In case you ever need to follow the business world view of streaming, you need to understand a bunch of acronyms, including SVOD, OTT and others. We explain them simply, and give some context
NB — this is a lot dryer and more of a background piece than normal.
First the baffling list of acronyms: VOD, OTT, AVOD, SVOD, TVOD… if you’re still here, we’ll help you understand why the terms exist, and why they might matter longer term. We start with some history, then talk about business, then explain everything with examples. There are more detailed guides, you can read wikipedia and you can go into far more depth than we will. For us, it’s about using the OTT when we don’t just mean SVOD, and actually knowing what the S in SVOD stands for!
Updated 9 August 2021 with BVOD (see below).
A history lesson (with a UK bias)
In the beginning there was the Queen’s Coronation… OK, television started before that, but 1953 is seen as a watershed year for the take up of television in the UK. For decades, to watch TV you had a roof aerial and paid a TV licence. [Even now we still pay a licence, but that’s a topic for another feature]
Enter the 1980s, and some newer housing came with cable-TV, very much in the mould of (what we thought of, rightly or wrongly) the US model where TV came down a wire, rather than try to route signals across the continent. End point distribution was physical.
Enter the 21st century (ish) and as bandwidth improved (and still is) we started to get content via apps and delivered across the internet. There’s a big difference here, and the home of our first acronyms.
VOD: Carrier Services and OTT
Broadcast services (eg BBC, ITV, then C4…) are linear. You watch a thing when it’s broadcast, unless you can capture it to betamax tape or more modern format. We actually prefer to watch what we want, when we want, even if it’s just a quick pause to grab a cup of tea. We want some kind of non-linear TV, and it’s called Video On Demand (VOD). This is an industry term; for viewers, just think streaming.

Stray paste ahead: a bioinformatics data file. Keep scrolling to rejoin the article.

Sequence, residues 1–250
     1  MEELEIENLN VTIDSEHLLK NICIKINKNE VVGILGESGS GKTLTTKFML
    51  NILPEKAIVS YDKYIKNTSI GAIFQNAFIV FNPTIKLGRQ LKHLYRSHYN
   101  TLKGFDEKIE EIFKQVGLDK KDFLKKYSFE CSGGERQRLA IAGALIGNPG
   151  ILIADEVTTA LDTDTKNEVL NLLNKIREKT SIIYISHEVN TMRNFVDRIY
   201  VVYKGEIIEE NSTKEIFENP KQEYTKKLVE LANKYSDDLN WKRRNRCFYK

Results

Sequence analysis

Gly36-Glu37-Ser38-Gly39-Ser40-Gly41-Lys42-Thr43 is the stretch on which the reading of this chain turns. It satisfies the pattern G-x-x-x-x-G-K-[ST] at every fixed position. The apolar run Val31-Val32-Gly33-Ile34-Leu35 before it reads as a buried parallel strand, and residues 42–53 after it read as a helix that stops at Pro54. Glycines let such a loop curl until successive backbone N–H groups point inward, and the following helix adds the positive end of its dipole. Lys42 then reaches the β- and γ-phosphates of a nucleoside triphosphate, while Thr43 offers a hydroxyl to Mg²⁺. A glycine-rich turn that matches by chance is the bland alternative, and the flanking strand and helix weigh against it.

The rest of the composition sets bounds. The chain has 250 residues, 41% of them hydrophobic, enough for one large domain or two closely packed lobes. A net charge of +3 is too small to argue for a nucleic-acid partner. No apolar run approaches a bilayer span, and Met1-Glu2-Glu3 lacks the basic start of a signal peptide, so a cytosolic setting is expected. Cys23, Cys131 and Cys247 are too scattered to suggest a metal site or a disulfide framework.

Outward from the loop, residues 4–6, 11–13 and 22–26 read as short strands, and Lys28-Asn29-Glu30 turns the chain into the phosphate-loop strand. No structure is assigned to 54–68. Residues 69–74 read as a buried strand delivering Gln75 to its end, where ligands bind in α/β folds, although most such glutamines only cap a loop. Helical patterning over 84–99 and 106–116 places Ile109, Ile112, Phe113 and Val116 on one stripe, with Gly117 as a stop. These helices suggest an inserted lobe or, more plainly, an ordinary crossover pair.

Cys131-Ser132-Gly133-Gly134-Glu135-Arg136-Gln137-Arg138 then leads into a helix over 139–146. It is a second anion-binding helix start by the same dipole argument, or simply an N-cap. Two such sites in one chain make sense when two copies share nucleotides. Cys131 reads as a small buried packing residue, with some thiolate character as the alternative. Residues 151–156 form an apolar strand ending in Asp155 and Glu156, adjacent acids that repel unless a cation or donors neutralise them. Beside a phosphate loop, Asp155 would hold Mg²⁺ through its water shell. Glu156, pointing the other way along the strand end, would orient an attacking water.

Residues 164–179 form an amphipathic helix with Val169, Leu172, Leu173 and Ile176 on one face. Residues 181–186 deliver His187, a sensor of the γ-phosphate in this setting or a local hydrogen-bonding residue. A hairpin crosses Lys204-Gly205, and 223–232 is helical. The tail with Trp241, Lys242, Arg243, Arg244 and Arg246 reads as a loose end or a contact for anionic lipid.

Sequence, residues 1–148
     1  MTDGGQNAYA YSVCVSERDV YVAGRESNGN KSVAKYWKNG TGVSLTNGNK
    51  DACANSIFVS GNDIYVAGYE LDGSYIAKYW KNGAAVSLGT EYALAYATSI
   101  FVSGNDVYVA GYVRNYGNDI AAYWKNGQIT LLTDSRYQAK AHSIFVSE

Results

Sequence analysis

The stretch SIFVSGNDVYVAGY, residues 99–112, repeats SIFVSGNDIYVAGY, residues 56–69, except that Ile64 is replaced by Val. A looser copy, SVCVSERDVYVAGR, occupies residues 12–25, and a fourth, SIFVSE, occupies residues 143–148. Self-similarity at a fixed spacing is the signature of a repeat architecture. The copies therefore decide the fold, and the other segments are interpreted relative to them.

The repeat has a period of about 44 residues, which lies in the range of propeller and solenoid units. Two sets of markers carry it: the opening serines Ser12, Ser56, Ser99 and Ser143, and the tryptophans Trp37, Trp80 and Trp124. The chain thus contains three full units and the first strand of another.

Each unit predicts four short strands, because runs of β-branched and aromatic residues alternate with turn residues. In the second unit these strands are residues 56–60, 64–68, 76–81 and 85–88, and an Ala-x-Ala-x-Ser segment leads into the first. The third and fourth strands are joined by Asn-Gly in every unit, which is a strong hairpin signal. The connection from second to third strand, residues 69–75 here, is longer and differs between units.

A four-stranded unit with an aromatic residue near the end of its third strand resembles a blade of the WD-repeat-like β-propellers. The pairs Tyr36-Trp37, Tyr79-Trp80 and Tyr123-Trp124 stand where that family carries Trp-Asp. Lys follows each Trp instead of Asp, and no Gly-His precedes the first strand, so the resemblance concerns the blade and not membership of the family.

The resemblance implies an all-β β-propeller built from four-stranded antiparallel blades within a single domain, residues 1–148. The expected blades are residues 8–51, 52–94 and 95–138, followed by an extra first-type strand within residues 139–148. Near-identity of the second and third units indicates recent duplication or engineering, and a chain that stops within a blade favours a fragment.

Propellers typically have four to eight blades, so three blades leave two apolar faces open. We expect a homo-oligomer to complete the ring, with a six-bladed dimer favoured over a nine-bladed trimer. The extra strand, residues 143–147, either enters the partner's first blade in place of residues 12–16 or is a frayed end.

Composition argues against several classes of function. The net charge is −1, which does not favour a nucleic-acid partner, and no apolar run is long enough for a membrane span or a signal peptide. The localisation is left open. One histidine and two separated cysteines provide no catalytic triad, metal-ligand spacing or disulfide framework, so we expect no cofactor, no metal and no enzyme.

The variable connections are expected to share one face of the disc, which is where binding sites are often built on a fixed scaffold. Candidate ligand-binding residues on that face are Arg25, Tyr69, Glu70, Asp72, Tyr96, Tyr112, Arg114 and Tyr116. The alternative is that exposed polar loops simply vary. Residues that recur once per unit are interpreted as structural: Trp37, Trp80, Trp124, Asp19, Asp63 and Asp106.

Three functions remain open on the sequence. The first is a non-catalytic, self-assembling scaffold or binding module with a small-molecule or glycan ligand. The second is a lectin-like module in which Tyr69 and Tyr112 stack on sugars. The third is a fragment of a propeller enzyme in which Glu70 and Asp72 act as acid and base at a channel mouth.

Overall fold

With a physical connection to a device (satellite box or cable box), there’s cost and rental to the party at the other end. Typically they encrypt services (historically Sky users would get a new key card once a year) and can charge in a variety of ways (eg channel bundle or extra for prestige events). In the absence of a better term, we call these Carrier Services.
What is better for most parties is the split the medium (cable or satellite) from the content. Enter the internet. Now there’s a world where the end users get internet access via whatever means and do everything (browsing, shopping, email, social media, radio and TV consumption…) via the internet. This option is called Over The Top (OTT) as the TV is carried over the top of your existing internet connection, You can have multiple internet providers and access multiple services (think watching Netflix at home on your Smart TV then Prime on your mobile via a 5G network.)
But, with no rental for the box, how do streamers make money?
Making money: AVOD / SVOD / TVOD
Here’s where it gets a little more relevant (the picture is a cash cow…)
There are three broad means of making money from streaming via the internet (ie OTT services):
1 — Put adverts on the platform, known as Ad-Supported VOD (AVOD) think YouTube. At present while (eg Amazon Prime) other streamers have adverts, they are for their own content only, not sold advertising space
2 — Charge a subscription, known as Subscription VOD (VOD), this is what we most commonly talk about on Cultbox and the big examples are Netflix, Amazon Prime (sort of) and Disney+ (sort of)
3 — Charge for consumption of some or all content, known as Transactional VOD (TVOD). The extreme example is iTunes or Google Play, where all content is Pay Per View, but we also see Disney+ launch recent content as a premium product for few months (eg Jungle Cruise and other recent releases.) Then there’s Amazon Prime which spends a lot of time pushing content you that needs a bigger subscription or one-off payment, or even pushes you wider to the whole Amazon shopping experience.
Then there’s BVOD as well…
In the UK in particular, there’s another form of VOD (or as Ofcom like to call it VoD), and that’s BVOD (or BVoD). This is Broadcaster Video On Demand. It’s broadcast content available freely (often, but not always after transmission) such as iPlayer, ITV Hub and the other traditional TV offerings. Here there’s a mix of advertising or the ‘have you a licence’ question on iPlayer.
Thanks for reading!
This has been a lengthy piece, but we hope useful for setting out some concepts. We are needing to use these terms more frequently, so it’s useful to set them out.